Program 101: The Sacred Earth

Audio and Transcripts

Kiowa tribal elders in ceremonial dress  Photo courtesy of the Oklahoma Historical Society

Kiowa tribal elders in ceremonial dress Photo courtesy of the Oklahoma Historical Society

Elder Wisdom:
Barbara Roberts features Pulitzer Prize winning author and poet, N. Scott Momaday who shares narrative, storytelling and poetry. The program features the landscape of Momaday’s childhood in Oklahoma which helped him develop a deep affinity for Kiowa sacred ground. The program includes mention of the Kiowa Gourd Dance society and a reading of the Navajo Night Chant.

Artist’s Spotlight:
Wisdom of the Elders’ theme song, Wisdom of the Elders, is introduced, written and performed by WISDOM’s Music Director, Nico Wind.

Health and Healing:
Judy Bluehorse Skelton discusses indigenous way of developing a relationship with the plant world and native herbalists’ lifetime commitment to herbal medicine.

Tribal Rhythms:
Nico Wind shares the origin and relevant music segues from the Kiowa Goard Dance Society including the story of a warrior’s encounter with a red wolf. She tells the story of how the warrior was taught songs and dance and instructed to use them to honor Kiowa warriors for bravery and deeds in battle.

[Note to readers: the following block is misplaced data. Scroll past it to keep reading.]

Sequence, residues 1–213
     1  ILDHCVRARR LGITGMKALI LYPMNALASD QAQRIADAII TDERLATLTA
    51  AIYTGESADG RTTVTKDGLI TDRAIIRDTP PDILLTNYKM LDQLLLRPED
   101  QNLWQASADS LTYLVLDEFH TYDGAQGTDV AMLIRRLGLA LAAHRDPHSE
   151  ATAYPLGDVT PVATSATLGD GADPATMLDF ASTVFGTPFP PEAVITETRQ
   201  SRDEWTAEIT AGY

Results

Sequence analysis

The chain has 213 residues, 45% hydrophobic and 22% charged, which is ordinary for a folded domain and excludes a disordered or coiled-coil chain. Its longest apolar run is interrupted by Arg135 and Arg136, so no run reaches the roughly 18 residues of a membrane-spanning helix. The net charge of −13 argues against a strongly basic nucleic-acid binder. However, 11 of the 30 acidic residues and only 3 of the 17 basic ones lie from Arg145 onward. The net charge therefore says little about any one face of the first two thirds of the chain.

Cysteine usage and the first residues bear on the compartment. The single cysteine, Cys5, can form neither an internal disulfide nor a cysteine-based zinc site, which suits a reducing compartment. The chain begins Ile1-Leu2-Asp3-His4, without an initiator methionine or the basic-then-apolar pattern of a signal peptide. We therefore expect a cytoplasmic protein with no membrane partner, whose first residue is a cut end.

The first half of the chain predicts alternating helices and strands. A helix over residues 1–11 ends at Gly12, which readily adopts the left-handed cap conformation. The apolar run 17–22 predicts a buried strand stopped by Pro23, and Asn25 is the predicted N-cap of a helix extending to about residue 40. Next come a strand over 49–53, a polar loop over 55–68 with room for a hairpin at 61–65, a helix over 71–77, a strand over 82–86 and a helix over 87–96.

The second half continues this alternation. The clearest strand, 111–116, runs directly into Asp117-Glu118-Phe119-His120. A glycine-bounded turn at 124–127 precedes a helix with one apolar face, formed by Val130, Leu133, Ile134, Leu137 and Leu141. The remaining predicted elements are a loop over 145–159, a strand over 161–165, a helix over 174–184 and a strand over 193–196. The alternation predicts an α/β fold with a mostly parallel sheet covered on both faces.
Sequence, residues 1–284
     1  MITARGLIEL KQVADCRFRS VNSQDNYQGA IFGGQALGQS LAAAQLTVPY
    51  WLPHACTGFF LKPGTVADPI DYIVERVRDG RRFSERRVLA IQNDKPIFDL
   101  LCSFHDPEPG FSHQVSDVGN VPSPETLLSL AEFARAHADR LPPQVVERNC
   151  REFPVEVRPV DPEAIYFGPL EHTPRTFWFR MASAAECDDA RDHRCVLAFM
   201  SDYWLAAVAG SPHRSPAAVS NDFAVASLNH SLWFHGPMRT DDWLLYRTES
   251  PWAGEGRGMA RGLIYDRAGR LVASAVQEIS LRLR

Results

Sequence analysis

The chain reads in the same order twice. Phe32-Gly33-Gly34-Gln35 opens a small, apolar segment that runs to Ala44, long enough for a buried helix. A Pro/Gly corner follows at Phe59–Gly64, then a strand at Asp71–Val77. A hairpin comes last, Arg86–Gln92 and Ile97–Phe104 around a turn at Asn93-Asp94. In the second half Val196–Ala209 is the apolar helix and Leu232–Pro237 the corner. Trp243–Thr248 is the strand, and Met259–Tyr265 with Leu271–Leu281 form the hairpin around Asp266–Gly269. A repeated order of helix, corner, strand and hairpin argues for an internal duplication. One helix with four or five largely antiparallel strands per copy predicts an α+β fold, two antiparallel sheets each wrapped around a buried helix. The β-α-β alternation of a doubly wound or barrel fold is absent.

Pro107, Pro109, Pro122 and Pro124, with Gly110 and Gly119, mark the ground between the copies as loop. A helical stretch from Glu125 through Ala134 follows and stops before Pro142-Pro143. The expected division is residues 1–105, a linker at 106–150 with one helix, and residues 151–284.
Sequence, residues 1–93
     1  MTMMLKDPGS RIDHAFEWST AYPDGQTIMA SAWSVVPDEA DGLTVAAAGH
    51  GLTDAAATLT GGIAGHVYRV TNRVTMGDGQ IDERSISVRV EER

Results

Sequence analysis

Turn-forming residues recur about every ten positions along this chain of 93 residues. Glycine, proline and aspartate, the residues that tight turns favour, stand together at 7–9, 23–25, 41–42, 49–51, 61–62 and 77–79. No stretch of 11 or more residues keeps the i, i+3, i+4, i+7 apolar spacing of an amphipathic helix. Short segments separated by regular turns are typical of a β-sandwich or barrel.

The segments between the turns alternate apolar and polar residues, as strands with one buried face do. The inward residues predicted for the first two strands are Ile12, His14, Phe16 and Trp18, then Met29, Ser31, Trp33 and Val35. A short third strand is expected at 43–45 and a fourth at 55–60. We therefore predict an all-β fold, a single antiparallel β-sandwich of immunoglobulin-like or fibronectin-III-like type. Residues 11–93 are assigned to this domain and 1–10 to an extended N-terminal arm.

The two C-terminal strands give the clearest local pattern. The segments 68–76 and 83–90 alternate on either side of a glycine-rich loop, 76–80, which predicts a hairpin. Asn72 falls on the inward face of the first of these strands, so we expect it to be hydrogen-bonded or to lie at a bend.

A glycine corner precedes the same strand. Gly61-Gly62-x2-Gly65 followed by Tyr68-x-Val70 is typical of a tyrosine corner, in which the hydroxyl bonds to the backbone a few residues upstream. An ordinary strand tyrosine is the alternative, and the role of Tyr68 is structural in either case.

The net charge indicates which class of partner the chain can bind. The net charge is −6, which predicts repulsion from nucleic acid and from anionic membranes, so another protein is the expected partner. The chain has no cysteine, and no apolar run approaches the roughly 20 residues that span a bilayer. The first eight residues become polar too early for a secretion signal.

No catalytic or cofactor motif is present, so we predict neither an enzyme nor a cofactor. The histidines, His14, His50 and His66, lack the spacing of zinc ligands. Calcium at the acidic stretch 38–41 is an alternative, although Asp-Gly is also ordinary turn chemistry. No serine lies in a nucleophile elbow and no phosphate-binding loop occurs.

Taheebvu Chadi:
Song carrier Judy Trejo shares stories of her lineage as a Northern Paiute and Pitt River Indian, her ability as a child to heal wild pets, and her relationship with her great grandmother who was a healer.

Turtle Island Storytellers:
Mary Louise Defender Wilson tells the Dakota legend of the old woman who lives in the sacred earth in an ancient cave with her dog. At the end of her story, she discusses the importance of storytelling to younger generations, “that each generation will carry something from the previous one, that will make them become more civilized and more high-minded and able to be kind, gentle and helpful to each other.”

Host Arlie Neskahi concludes today’s program by saying “We are excited to use the medium of radio to continue our oral traditions. You know, many of our youth may not have access to elders and teachers. In this way, we hope to breathe life to them wherever they may be. And through the songs, stories and teachings, they may discover a new direction and in time remake their connection to their culture. And to all people of various other cultures and backgrounds who share this great land with us, may you be also called to live joyfully and prayerfully with us as neighbors upon Earth Woman. And may we together utilize our Wisdom of the Elders to make a better community and future for all. Hagoo aneh. (‘Till we meet again).”